The Easter story answers their questions about the spiritual aspects of humanity. It changes people’s lives because it helps us understand that we, like Jesus, are born as spiritual beings.
Every inner prompting of conscience, every glimmering sense of beauty, every response we make to music, every experience we have of love – whether of physical love, sexual love, family love or the love of friends – and every experience of bereavement, reminds us of this fact about ourselves.
Ah, say the rationalists. But no one can possibly rise again after death, for that is beyond the realm of scientific possibility.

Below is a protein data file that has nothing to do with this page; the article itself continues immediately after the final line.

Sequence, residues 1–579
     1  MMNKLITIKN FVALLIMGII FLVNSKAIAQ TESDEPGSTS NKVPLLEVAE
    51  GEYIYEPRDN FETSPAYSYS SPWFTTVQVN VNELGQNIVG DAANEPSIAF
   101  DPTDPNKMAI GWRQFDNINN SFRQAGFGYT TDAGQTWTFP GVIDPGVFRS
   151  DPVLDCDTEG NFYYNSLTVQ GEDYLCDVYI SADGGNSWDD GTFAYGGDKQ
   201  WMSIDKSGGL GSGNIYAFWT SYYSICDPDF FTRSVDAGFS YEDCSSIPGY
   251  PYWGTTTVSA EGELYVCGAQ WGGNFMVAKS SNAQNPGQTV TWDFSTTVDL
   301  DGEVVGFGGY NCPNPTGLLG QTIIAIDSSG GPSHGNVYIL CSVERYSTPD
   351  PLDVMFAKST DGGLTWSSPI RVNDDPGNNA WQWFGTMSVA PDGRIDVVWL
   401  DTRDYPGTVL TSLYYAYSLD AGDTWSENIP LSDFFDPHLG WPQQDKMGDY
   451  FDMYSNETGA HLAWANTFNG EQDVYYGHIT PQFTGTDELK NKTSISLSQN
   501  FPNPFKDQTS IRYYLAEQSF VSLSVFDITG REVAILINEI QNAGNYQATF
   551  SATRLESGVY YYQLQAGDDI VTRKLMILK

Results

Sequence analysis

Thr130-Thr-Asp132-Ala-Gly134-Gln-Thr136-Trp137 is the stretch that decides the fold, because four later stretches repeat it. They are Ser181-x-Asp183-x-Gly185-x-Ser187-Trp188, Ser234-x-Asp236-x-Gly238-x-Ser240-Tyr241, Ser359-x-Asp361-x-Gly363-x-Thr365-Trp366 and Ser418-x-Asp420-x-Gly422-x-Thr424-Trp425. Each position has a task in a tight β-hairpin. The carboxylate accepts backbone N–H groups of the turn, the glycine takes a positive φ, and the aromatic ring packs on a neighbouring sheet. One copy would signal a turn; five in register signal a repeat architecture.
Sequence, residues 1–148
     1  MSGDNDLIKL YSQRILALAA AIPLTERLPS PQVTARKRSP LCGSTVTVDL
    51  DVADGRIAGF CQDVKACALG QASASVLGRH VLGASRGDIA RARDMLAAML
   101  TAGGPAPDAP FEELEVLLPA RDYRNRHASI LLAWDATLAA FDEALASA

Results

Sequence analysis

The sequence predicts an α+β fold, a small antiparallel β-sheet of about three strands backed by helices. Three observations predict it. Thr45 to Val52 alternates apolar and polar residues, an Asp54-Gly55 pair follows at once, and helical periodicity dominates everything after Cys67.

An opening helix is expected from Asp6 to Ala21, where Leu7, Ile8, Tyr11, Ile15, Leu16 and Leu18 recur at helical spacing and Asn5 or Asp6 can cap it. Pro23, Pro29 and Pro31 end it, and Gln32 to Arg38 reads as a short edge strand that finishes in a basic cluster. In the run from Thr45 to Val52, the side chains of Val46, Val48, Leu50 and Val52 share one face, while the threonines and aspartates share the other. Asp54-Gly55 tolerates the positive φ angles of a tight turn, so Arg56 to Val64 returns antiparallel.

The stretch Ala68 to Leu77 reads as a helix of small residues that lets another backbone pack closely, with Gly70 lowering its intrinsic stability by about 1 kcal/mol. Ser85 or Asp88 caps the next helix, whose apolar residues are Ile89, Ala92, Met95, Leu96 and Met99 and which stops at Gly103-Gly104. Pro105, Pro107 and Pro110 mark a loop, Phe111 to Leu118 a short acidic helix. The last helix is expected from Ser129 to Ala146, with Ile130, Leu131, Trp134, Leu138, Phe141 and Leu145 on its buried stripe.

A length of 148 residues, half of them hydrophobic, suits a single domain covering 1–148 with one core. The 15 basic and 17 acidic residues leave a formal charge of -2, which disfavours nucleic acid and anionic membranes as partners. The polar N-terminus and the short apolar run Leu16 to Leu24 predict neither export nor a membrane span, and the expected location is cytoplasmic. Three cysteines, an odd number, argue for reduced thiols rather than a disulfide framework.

And it is true to say that no one can ever prove – nor, indeed, disprove – the existence of an after-life or God, or answer the conundrums of honest doubters (how does a loving God allow an earthquake in Italy?)
Easter does not answer such questions by clever-clever logic. Nor is it irrational. On the contrary, it meets our reason and our hearts together, for it addresses the whole person.
In the past, I have questioned its veracity and suggested that it should not be taken literally. But the more I read the Easter story, the better it seems to fit and apply to the human condition. That, too, is why I now believe in it.
Easter confronts us with a historical event set in time. We are faced with a story of an empty tomb, of a small group of men and women who were at one stage hiding for their lives and at the next were brave enough to face the full judicial persecution of the Roman Empire and proclaim their belief in a risen Christ.